Interviewer: Professor Hotez, thank you
for taking the time today to discuss with
us the coronavirus vaccines
being developed by you and
your team at the Baylor College
Could you start by giving a quick
overview of the vaccines?
Prof. Hotez: Sure,
there are multiple vaccines that
are going into clinical trials,
all of them operate by inducing immunity
against the spike protein of the virus.
If you've ever looked at a cartoon of
a coronavirus, it looks like a donut with
a cream filling of RNA, and then around it
are spikes that bind to the host receptor.
All of the vaccines that are moving into
clinical trials work by creating an immune
response to that spike, so it's a matter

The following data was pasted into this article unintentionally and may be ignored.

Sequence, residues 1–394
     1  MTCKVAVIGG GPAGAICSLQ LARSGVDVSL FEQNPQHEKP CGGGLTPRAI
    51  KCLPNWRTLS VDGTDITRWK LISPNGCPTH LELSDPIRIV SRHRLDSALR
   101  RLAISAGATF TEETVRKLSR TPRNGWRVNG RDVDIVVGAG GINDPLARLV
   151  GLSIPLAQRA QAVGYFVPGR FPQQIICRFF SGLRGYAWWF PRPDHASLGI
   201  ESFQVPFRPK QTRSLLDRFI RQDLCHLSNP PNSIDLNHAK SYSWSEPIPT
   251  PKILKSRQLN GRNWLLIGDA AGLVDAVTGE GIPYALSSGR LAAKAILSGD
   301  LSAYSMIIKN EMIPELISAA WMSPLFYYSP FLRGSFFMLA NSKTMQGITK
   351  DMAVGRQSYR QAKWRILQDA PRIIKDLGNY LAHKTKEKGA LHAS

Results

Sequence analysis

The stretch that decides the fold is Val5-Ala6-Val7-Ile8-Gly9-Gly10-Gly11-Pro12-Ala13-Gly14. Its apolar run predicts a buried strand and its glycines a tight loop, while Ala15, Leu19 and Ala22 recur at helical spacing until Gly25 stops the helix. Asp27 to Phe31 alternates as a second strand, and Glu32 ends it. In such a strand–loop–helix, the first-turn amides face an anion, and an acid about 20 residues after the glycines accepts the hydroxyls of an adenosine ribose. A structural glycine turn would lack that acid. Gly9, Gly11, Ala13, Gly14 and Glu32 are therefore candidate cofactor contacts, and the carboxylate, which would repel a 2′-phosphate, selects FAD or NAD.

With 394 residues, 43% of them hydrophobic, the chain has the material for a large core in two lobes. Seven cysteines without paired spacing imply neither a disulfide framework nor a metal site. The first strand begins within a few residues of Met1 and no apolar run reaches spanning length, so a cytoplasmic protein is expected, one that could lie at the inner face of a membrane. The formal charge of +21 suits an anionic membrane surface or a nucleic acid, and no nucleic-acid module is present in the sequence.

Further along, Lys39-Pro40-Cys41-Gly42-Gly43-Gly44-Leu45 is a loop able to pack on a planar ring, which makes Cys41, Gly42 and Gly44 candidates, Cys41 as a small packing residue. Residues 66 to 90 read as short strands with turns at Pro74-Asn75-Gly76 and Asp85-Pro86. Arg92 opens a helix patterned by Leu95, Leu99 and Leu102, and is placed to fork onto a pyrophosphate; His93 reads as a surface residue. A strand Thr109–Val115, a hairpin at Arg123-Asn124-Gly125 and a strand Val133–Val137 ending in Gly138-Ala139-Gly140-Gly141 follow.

of finding the best way to do that,
and there are both traditional and
new technologies that you can use for
We're using an old-school technology,
the same one used to make the recombinant
hepatitis B vaccine all over the world,
we use a similar type of
recombinant protein approach.
Another old-school approach is
using an inactivated virus, and
then there are newer technologies
which you've been hearing about.
Interviewer: Can you talk a bit
more about the technology that you and
your team are using?
Prof. Hotez: Ours is mainly
focused on a traditional technology,
the same one used to make
the hepatitis B vaccine,
this is a recombinant protein
vaccine made in yeast.
The advantage of it is that the yeast
puts out a fair bit of this vaccine
in our hands when we scale it up through
a microbial fermentation process,